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a sleep disorder is defined as a medical disorder that disrupts sleep patterns. Some sleep disorders are so severe they can interfere with daily activities and how one functions emotionally, physically, and mentally.


The circadian rhythm is more commonly known as the body clock. This internal rhythm of the body is normally 24 hours but gets adjusted by external factors such as sunlight or bright lights. For people who have a normal circadian rhythm they can fall asleep after it gets dark outside and wake up 7 or 8 hours later without any problems.

Most people can adjust their sleeping schedule without experiencing any negative consequences and some actually prefer to either stay up late or get up early. But for those who sleep at the wrong time and get sick, they most likely have a circadian sleep disorder. This inflexibility makes it hard to make up for lost sleep during the day when they might have lost sleep at night. There are six types of circadian rhythm sleep disorders including:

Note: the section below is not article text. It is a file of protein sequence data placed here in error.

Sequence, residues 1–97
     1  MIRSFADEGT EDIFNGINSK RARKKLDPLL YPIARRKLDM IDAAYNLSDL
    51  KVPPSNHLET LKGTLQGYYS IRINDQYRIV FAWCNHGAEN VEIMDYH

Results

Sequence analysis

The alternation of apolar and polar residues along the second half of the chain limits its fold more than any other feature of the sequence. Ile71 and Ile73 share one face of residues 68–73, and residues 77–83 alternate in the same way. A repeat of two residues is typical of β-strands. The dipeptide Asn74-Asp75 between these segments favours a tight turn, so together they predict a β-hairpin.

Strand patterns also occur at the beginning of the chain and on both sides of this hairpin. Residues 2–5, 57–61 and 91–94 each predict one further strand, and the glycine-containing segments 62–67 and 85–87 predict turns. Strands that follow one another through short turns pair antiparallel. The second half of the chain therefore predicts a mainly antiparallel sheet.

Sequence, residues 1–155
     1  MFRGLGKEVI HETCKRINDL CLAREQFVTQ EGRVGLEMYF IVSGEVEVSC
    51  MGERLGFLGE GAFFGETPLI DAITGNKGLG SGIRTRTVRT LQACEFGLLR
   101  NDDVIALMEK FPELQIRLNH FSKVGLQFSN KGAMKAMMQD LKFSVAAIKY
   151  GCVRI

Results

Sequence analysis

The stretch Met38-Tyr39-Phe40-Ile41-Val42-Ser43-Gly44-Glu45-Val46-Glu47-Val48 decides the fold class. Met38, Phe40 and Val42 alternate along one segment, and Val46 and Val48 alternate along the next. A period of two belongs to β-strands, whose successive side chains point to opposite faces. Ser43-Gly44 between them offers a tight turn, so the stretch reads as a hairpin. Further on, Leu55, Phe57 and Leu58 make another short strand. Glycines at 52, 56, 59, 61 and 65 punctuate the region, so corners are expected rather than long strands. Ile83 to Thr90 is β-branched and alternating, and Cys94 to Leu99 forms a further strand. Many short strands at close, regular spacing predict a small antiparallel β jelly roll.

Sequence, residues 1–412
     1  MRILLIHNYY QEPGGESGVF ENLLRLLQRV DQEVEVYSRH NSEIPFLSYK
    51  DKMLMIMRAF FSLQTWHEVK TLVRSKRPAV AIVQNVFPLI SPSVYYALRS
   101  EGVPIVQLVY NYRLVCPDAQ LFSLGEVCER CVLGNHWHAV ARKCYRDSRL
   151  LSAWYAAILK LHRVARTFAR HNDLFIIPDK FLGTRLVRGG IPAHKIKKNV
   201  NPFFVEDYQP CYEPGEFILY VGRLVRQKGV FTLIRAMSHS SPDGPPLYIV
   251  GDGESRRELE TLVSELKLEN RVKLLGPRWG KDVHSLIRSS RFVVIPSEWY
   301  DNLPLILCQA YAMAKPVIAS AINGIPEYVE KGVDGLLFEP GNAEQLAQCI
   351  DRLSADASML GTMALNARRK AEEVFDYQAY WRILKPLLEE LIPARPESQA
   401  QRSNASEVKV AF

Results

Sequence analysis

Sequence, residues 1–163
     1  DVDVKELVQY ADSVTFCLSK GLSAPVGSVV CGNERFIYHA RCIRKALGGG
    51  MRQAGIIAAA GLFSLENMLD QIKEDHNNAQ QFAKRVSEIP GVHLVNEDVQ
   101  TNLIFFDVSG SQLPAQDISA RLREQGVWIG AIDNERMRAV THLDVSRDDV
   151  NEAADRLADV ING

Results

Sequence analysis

• Delayed sleep phase

  • Free-running

  • Advanced sleep phase

  • Irregular sleep-wake

  • Shift work

  • Jet lag

    Some common symptoms associated with these types of sleep disorders include difficulty initiating sleep, sleepiness during the day, not feeling rested after getting sleep, and a decrease in cognitive skills. Some recommendations for managing circadian rhythm sleep disorders include proper sleep hygiene including having a dark, quiet, and comfortable bedroom, using background noise when sleeping, light therapy and taking melatonin.

Making your appointment at the Sleep Lab at Sinai Medical Center is the first step to overcoming a sleep disorder. Call to schedule your appointment today.


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